“Rescue Me, Virginia,” is from The Steel Wheels’ 2015 album, “Leave Some Things Behind,” used with permission.   More information about The Steel Wheels is available online at

 Passage Creek near the Front Royal Fish Hatchery Station in Warren County, Va., August 22, 2016.

Fort Valley, looking north (down the valley) at Ramsey Road in Shenandoah County, Va., August 22, 2016.
Trinity Brethren Church (completed in 1904) on Dry Run Road in Shenandoah County, Va., August 22, 2016. The building is now part of the Fort Valley Museum.


American Whitewater, “Passage Creek – Elizabeth Furnace to Waterlick (Route 55),” online at

Michael B. Duncan et al., “A Multi-taxa Biological Survey of Passage Creek, Virginia,” Northeastern Naturalist, Vol. 18, No. 3 (2011), pages 357-369.

Fort Valley Museum, online at

Buz Groshong, “Signal Knob,” June 17, 2011, online at

Jean Stephenson, “The Massanuttens,” Potomac Appalachian Trail Club Bulletin (now Potomac Appalachian), July 1934, online at

U.S. Department of Agriculture (USDA)/Forest Service, George Washington and Jefferson National Forests: home page,; “Guide to Camping, Hiking and History at the Elizabeth Furnace Recreation Area,” online (as PDF) at; and “Cultural History,” online at

Virginia Department of Game and Inland Fisheries, “State Hatcheries,” online at

Virginia Works Progress Administration (WPA) Historical Inventory Project, “Powell’s Fort Valley,” 1937, online at the Shenandoah County (Va.) GenWeb Project,


All Water Radio episodes are listed by category at the Index link above (  See particularly the “History” and the “Rivers, Streams, and Other Surface Water” categories.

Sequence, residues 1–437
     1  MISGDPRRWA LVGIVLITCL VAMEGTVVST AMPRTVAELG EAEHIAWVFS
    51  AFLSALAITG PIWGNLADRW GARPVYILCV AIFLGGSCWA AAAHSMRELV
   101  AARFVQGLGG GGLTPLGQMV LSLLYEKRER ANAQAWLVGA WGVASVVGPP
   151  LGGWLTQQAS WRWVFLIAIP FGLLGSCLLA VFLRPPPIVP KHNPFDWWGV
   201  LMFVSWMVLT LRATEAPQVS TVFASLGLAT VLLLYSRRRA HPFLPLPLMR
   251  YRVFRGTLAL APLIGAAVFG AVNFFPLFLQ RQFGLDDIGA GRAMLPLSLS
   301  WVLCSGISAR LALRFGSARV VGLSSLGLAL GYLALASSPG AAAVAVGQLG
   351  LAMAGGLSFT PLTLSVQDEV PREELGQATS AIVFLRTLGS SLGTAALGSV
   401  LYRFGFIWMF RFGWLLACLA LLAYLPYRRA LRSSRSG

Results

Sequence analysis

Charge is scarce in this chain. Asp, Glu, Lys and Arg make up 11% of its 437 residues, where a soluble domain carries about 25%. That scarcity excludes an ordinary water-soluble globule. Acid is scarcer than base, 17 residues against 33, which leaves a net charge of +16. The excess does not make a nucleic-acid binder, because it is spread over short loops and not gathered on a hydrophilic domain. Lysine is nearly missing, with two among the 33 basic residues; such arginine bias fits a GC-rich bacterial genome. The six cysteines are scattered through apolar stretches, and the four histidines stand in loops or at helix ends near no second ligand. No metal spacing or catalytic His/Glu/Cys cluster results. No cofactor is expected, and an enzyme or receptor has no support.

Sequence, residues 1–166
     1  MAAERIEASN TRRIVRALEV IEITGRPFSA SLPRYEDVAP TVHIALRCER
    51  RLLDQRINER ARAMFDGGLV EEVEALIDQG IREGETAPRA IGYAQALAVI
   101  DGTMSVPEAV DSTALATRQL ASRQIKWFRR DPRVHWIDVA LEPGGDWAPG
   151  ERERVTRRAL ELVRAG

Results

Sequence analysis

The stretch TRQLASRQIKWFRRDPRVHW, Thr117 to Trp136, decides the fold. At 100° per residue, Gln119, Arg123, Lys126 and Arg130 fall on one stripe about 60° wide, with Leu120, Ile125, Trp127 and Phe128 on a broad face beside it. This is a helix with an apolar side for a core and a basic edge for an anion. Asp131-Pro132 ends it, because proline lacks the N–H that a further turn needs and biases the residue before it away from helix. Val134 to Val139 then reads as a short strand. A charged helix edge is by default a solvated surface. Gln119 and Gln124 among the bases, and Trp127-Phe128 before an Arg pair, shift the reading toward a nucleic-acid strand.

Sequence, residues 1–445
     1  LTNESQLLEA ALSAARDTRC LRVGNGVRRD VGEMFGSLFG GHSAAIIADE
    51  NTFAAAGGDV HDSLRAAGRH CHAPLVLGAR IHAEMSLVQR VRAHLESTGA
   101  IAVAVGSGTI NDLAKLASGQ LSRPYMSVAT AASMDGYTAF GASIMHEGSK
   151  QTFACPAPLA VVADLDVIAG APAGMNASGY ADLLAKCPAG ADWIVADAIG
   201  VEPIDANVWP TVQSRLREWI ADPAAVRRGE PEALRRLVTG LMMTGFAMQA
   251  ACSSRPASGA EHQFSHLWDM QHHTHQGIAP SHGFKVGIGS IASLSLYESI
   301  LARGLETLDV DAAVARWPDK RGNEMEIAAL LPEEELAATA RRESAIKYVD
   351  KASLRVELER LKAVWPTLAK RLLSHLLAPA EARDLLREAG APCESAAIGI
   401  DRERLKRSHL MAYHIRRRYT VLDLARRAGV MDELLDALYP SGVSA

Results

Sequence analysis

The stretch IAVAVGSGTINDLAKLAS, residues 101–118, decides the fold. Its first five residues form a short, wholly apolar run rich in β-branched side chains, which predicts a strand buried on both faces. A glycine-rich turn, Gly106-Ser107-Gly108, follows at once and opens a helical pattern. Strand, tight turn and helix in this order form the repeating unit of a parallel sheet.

This episode may help with the following Virginia’s 2010 Science Standards of Learning (SOLs):

Grades K-6 Earth Resources Theme
4.9 - Va. natural resources, including watersheds, water resources, and organisms.

Grades K-6 Living Systems Theme
6.7 - natural processes and human interactions that affect watershed systems; Va. watersheds, water bodies, and wetlands; and water monitoring.

Earth Science Course
ES.8 - influences by geologic processes and the activities of humans on freshwater resources, including identification of groundwater and major watershed systems in Virginia.

Biology Course
BIO.8 - dynamic equilibria and interactions within populations, communities, and ecosystems; including nutrient cycling, succession, effects of natural events and human activities, and analysis of the flora, fauna, and microorganisms of Virginia ecosystems.

The episode may also help with the following Virginia 2008 Social Studies SOLs:

Virginia Studies Course
VS.2 – physical geography of Virginia past and present.
VS.5 – role of Virginia in the American Revolution.

United States History to 1865 Course
USI.2 – water features important to the early history of the United States.

Civics and Economics Course
CE.9 – public policy at local, state, and national levels.

World Geography Course
WG.3 - how regional landscapes reflect the physical environment and the cultural characteristics of their inhabitants.
WG.6 - past and present trends in human migration and cultural interaction as influenced by social, economic, political, and environmental factors.

Virginia and United States History Course
VU.7 - knowledge of the Civil War and Reconstruction Era.

Government Course
GOVT.9 – public policy at local, state, and national levels.

Virginia’s SOLs are available from the Virginia Department of Education, online at